By Michelle Haugen
At a turning point in my life, I decided that I wanted to change careers and do something that was a benefit to other people. As I was reviewing different paths within the many health professions, my first granddaughter, Eva, was born. This was a wonderful and exciting event! But there was one caveat — Eva was born two months premature and we were not sure whether she would make it.
As I was searching for information about preemies and what might benefit them, I discovered research being done by Dr. Tiffany Field at the Touch Research Institute, University of Miami. Her research found that a well-defined protocol of touch helped infants thrive in neonatal intensive care units, and significantly shorten their time in the hospital.
That discovery indicated to me just how powerful massage can be, especially since premature infants have no preconditioned notion of it. I had received massage therapy myself as a means to reduce neck strain, and found it therapeutic. As I researched the benefits of massage more extensively, I learned that it was beneficial for a myriad of health conditions, and could be useful for people of almost all ages. This was it! I had found my new career choice.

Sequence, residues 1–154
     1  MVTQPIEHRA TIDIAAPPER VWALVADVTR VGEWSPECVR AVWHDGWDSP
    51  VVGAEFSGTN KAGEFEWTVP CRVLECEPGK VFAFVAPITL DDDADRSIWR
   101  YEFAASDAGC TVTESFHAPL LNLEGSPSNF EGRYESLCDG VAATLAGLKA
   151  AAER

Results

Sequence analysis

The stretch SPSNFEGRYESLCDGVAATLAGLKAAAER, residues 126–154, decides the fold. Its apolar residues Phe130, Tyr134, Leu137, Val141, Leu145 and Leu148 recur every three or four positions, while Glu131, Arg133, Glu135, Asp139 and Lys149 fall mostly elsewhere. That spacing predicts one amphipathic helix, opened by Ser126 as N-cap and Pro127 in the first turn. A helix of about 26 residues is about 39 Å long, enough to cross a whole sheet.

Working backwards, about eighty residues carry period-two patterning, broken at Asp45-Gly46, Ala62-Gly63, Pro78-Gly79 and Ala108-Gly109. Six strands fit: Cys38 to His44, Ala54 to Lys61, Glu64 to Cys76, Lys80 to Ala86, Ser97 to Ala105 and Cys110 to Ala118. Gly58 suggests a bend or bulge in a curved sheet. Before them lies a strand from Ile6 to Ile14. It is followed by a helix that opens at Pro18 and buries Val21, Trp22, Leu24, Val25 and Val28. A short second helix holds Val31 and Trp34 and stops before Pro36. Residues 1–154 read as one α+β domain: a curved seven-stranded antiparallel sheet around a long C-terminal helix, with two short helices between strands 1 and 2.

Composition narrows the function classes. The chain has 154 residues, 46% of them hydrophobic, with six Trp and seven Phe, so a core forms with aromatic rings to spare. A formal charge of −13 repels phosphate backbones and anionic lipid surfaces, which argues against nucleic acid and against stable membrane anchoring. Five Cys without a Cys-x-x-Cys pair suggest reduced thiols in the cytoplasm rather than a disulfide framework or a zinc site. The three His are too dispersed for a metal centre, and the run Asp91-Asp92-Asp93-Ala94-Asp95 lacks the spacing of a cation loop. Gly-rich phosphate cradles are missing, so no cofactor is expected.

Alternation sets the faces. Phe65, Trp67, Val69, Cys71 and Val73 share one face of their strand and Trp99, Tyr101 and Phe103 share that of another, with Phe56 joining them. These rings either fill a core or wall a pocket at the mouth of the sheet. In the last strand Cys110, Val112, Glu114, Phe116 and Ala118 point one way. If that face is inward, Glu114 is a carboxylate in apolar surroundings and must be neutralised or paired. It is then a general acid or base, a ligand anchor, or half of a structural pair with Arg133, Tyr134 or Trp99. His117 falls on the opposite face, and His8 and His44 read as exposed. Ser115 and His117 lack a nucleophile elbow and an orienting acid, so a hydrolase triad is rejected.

As part of my massage therapy education and training program, I chose Rush University Medical Center for my internship because I felt that it was a place where healing happened. After graduation and additional testing for Illinois licensure and national certification, I continued volunteering as well as working as a massage therapist in child life and in the women and children’s unit at Rush.
As I continued to investigate the benefits of massage therapy, I learned that many studies have supported the use of massage as adjunct therapy for cancer patients. One of the benefits most strongly supported by current research is decreased anxiety, and an increased sense of well-being among cancer patients receiving massage therapy. Given that I have been touched by hardship and loss from cancer in my own life, I decided that I wanted to work with people with cancer. To pursue my passion, I completed an advanced training program, and received a special certification in massage therapy specifically for cancer patients. I also became involved in the Cancer Integrative Medicine Program here at Rush.
I’ve been part of the integrative medicine team for a couple of years and honored to provide massage therapy for our patients. I find that when patients come to receive care from the Cancer Integrative Medicine Program, they are looking for some relief and relaxation, and massage therapy is one way to provide that. My vision of having a job that helps people is fulfilled when I see the often brighter and always more relaxed and less anxious faces of my patients after receiving a gentle, therapeutic massage.
Michelle Haugen, LMT, CLT, is a licensed massage therapist with the Cancer Integrative Medicine Program at Rush University Medical Center.